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what I remember

I am five, maybe six. We are driving to New Orleans. My sister (maybe four, maybe five) fidgets beside me. We take turns lying on our sides in the coveted space beneath the rear window, pressing our palms against the glass as cars slip backwards fast. I flip the skinny metal lid of an armrest ashtray up, then down, up, then down. Twiddle the dials of an Etch-a-Sketch. Turn my arm into a snake that undulates in the rushing air outside my window. I imagine the streetlights are snakes, too, arced strange and high. Their heads glow like fireflies.

New Orleans must be far, far away. We have brought pillows and books and a cooler filled with food. My mother unwraps a sandwich and hands it to me: cold steak between slices of white bread smeared with Miracle Whip. I pretend the sandwich is hot, like grilled cheese, and cool it by slipping my arm out the window again. I feel clever and defiant and sly, gripping the bread so tightly it flattens to mush between my fingers as I dare the wind to snatch it away. When it is "ready", I chew bites between sips of water from a bathroom Dixie cup. It is the best sandwich I have ever tasted.

I don't remember much about New Orleans, but I do remember this: we stayed with my mother's uncle Robert. Robert liked to sit in a lounger next to the air conditioner. He was married to a big woman named Marie. Marie's mother was tiny and bent and spoke with an accent. She cooked spaghetti with homemade sauce and made meatballs the size of baseballs. I ate two meatballs. I played in a pool with some neighborhood kids. I snatched the tail from a lizard as it raced up a wall laced with vines.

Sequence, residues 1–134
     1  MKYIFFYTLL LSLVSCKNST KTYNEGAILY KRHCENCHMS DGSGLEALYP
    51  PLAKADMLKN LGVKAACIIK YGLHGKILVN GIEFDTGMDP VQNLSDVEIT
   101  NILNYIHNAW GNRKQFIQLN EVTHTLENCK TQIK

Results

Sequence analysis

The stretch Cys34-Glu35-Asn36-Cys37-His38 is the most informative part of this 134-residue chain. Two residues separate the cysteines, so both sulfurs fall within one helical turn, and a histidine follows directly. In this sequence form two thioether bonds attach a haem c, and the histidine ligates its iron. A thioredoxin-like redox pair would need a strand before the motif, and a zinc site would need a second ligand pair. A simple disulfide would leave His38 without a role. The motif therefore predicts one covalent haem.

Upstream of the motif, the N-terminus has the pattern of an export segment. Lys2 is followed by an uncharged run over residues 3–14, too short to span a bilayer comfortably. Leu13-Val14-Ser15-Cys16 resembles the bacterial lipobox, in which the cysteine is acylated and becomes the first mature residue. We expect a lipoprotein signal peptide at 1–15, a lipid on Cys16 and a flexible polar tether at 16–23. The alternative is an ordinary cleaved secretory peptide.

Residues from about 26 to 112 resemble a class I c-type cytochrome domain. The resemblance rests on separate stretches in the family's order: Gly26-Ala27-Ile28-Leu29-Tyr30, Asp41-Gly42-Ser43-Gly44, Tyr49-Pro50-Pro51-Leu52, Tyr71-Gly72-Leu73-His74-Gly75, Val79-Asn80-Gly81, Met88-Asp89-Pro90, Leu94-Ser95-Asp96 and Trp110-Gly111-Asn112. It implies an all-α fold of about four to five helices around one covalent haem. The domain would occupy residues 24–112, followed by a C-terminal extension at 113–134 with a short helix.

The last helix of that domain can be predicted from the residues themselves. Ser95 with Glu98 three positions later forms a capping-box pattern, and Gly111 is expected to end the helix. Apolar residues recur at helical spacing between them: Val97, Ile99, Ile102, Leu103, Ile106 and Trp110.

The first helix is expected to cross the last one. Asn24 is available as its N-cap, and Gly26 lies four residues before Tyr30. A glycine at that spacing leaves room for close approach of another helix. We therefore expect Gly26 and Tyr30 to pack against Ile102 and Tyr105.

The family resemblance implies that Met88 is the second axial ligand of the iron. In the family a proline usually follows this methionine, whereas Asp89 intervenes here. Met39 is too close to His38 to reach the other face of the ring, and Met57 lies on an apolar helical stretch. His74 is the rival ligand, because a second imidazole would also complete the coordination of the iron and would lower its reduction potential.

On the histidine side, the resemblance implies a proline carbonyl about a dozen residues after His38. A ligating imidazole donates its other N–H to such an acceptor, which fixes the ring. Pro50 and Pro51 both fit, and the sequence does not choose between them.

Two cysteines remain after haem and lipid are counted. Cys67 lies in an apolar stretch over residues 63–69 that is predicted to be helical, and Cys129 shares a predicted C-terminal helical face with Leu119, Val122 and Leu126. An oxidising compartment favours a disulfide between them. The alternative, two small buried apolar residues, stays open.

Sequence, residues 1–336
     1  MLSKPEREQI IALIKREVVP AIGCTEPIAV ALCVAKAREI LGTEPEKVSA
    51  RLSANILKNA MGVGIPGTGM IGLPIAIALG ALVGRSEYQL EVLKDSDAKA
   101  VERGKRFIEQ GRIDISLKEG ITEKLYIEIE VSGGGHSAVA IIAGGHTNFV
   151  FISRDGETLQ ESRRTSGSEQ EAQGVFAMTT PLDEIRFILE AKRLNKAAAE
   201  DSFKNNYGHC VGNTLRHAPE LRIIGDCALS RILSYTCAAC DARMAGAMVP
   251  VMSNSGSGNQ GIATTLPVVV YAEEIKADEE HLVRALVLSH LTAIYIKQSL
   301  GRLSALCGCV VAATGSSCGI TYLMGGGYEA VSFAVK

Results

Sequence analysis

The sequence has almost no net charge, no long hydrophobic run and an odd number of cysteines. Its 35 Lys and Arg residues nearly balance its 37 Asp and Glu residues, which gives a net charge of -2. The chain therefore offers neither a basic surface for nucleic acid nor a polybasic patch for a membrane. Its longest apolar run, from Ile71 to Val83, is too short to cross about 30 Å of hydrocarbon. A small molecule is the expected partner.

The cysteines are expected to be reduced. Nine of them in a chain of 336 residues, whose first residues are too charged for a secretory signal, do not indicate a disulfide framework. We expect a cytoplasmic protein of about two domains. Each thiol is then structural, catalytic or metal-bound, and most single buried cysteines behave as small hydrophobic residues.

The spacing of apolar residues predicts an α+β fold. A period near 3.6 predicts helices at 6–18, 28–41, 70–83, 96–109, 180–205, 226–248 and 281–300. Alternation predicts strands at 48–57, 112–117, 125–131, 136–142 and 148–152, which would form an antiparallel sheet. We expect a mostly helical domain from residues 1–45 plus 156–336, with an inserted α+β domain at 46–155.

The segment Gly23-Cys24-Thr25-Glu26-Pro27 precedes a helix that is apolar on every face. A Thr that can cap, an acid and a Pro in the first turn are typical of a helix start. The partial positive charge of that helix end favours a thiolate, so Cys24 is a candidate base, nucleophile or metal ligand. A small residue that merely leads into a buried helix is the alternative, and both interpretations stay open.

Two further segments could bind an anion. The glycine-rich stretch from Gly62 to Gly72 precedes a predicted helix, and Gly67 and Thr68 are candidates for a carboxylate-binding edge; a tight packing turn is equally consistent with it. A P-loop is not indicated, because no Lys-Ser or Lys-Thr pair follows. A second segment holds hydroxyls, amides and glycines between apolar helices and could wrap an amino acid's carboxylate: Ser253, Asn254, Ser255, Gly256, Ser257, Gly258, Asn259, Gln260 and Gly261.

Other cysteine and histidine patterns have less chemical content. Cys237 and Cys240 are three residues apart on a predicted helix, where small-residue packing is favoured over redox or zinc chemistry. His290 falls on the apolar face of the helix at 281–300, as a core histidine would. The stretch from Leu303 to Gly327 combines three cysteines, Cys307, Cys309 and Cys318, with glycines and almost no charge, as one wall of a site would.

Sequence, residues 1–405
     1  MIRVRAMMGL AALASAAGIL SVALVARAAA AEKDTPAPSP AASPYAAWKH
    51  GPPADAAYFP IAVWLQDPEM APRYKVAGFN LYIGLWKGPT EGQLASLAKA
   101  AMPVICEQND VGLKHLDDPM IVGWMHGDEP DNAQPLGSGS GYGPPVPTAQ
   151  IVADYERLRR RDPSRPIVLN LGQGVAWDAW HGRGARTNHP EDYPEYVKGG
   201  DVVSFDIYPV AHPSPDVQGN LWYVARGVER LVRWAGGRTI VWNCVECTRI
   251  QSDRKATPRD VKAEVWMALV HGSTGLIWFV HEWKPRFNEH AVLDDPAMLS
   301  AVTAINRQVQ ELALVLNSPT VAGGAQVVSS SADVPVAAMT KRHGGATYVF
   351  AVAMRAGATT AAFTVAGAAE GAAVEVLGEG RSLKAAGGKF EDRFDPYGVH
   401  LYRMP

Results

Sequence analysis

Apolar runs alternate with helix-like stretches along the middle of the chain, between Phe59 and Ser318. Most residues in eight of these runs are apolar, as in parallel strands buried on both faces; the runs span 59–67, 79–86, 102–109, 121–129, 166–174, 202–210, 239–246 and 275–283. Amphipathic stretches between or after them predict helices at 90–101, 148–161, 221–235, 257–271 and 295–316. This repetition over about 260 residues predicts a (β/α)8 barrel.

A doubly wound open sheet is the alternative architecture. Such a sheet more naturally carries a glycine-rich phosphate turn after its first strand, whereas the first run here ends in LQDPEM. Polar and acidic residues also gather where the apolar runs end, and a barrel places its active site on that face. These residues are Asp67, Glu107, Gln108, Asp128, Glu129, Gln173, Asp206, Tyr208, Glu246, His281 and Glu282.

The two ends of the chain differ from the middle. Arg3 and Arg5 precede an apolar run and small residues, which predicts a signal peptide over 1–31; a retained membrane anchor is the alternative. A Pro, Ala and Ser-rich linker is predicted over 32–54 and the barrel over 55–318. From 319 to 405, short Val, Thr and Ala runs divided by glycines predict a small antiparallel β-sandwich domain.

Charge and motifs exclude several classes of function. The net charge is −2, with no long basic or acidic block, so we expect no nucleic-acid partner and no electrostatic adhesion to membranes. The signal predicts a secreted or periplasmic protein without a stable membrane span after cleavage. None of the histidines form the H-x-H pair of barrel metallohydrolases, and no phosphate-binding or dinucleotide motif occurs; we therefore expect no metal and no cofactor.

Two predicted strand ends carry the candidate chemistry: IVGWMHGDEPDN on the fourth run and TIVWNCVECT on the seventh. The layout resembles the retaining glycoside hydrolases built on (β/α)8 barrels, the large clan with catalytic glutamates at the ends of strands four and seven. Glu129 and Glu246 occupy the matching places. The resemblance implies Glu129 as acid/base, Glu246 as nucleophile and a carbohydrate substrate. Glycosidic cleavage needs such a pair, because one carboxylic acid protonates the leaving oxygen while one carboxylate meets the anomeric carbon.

Lately, as I watch the news or listen to public radio or read on-line tales of survival and loss and destruction, I can't help but make connections. My mind plays a game of compare and contrast, trying to fathom, to relate. I remember the shock I felt as a child, gripping that severed tail. It was so unexpected ... I hadn't anticipated the outcome ... I wanted time to rewind and for the lizard to be whole again. I think about that moment, that feeling of bewildered dismay, and then imagine it intensified, magnified a hundredfold. I try to imagine what it would feel like to lose my home, to be separated from my child, to be a child in a world turned inside out.

And so I watch this, and my heart feels both ripped and uplifted. I read this, and I am stunned amazed. I watch this, and my laughter tastes bitter. I hear this, and I can't contain my pain.

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